1. Association does not mean causation; and
  1. Relative risk is presented when absolute risk is invariably tiny.

All dietary epidemiological studies also suffer from three further limitations:

  1. The Food Frequency Questionnaire.
  1. Incomplete adjustment of the data.
  1. The healthy person confounder.

This particular study then additionally suffers from the following limitations:

  1. Failure to adjust for a serious confounder (alcohol).
  1. The small comparator group issue.
  1. The selection of the reference group.
  1. The meta-analysis.
  1. The claims related to food ‘exchanges.’

I’m going to go through each of these issues, with particular reference to this Lancet Public Health paper, to show why the findings of this paper and the headlines can’t be trusted:

1) Association does not mean causation.

Population studies enable us to observe that people who, for example, eat broccoli die older than people who don’t. They cannot conclude that eating broccoli causes you to die older. Equally possible is that people who tend to eat broccoli tend to be generally healthy and therefore tend to die older.

If association is observed, the association should be subjected to The Bradford Hill Criteria to test association (Ref 6). The first test is “strength of the association” – if this isn’t double, or greater, there’s little point looking at any of the other criteria – you aren’t going to be able to claim causation. This brings us to…

2) Relative risk is presented when absolute risk is invariably tiny.

This study didn’t present its claims in the usual way “37% greater chance of dying” – which is a measure of relative risk. It is as if the world has become immune to such headlines. This paper chose a new way of trying to shock the world: “ You’ll die 4 years earlier unless you eat the ‘perfect’ intake of carbohydrate .”

The main paper didn’t present the relative risk numbers. The appendix did, however. The following data are extracted from Supplementary Table 1 from the appendix:

The table below shows: the carb ranges subjectively selected by the researchers (we’ll come back to this); the number of people that ended up in each range; and the deaths that occurred in that carb range during the 25 year follow-up. I have then included the Hazard (risk) Ratio (HR) for the most adjusted model (Model 2). Model 2 adjusted for age, race, gender, which test center the person attended, total energy consumption, diabetes, cigarette smoking, physical activity, income level and education. Please note that Model 2 – the most adjusted model – didn’t adjust for BMI. (It didn’t adjust for something else either, as point 6 will cover).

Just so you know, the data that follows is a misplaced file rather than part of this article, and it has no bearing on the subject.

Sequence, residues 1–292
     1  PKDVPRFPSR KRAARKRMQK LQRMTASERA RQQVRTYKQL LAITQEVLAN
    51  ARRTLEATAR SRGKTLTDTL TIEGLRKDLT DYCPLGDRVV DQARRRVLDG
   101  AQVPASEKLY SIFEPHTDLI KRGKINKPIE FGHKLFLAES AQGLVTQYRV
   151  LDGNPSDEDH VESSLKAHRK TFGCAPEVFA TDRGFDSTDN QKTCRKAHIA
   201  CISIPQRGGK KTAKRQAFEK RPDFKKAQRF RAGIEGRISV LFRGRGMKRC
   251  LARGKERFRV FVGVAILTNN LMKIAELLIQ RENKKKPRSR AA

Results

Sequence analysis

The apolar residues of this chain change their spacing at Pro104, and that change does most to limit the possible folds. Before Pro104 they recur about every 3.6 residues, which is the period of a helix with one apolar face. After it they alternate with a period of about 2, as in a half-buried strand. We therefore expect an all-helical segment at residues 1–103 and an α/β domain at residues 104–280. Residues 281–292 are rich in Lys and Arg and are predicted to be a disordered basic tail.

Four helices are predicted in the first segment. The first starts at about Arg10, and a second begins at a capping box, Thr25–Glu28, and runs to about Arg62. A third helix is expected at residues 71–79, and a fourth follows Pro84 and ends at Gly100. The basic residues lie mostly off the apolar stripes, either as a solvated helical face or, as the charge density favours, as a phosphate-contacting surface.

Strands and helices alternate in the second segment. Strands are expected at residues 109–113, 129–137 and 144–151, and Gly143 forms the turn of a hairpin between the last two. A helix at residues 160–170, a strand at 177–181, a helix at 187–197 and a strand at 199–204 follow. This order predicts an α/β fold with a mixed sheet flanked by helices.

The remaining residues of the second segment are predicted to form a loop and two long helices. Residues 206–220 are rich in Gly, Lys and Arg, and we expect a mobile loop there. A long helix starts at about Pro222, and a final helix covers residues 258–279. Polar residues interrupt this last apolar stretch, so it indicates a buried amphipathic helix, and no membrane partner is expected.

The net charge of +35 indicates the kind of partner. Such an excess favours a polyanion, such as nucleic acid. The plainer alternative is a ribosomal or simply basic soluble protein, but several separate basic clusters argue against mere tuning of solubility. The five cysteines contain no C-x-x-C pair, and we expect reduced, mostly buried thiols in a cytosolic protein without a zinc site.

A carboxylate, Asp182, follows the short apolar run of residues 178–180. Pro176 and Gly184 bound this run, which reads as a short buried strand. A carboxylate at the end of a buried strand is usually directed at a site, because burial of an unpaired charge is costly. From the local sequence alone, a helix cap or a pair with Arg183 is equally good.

The Hazard Ratios give us the relative risks. It is claimed that, relative to the group chosen as the reference group (50-55% carbohydrate intake), a carb intake <30% gives a relative risk of 1.37 (37% greater) and a carb intake of >65% gives a relative risk of 1.16 (16% greater). Neither of these “strengths of association” come anywhere close to double and so the possibility of carbohydrate intake being causal in these relative risks can be discounted. We could stop here. However, there are many more issues to note…

The numbers are always reported as relative risk; the absolute numbers are usually not worth getting excited about. In the ARIC study, there were 6,283 deaths among 15,428 adults who were studied for 25 years having been recruited between the ages of 45-64 years. The average age was 54, so an average person would have been 80 at the end of the follow-up period, so survivors did pretty well. The overall death rate in this study was 40%. The annual death rate was 1.63%.

A 37% difference on an annual death rate of 1.63% is the difference between a death rate of 1.38% and 1.88% (Ref 7). That’s the absolute difference and that’s in middle aged people followed for 25 years.

3) The Food Frequency Questionnaire.

Each population study relies for dietary information on a self-reported recall of what one ate some time ago. The paper reported that the ARIC study used the Harvard Food Frequency Questionnaire (FFQ), which was developed by Walter Willett – one of the paper authors – and colleagues. This questionnaire involved asking people how often, on average, over the previous year , they consumed ‘standard portion sizes’ of each of 66 items. Credit to Nina Teicholz for getting hold of the precise questionnaire used in the ARIC study (Ref 8). If you only look at one reference, please let it be this one – there’s nothing like seeing a FFQ first hand. As you can see, there were nine possible responses, ranging from “never” to “six or more times a day.”

Can you remember what you ate last year? How standard were your portions? Did you have 5-6 ‘pats’ of butter a week or did it tip over to 1 a day? What’s a pat anyway? Did your diet then stay the same for 20-25 years? …” …More

I need Help to Rebut a Canadian Nutritionist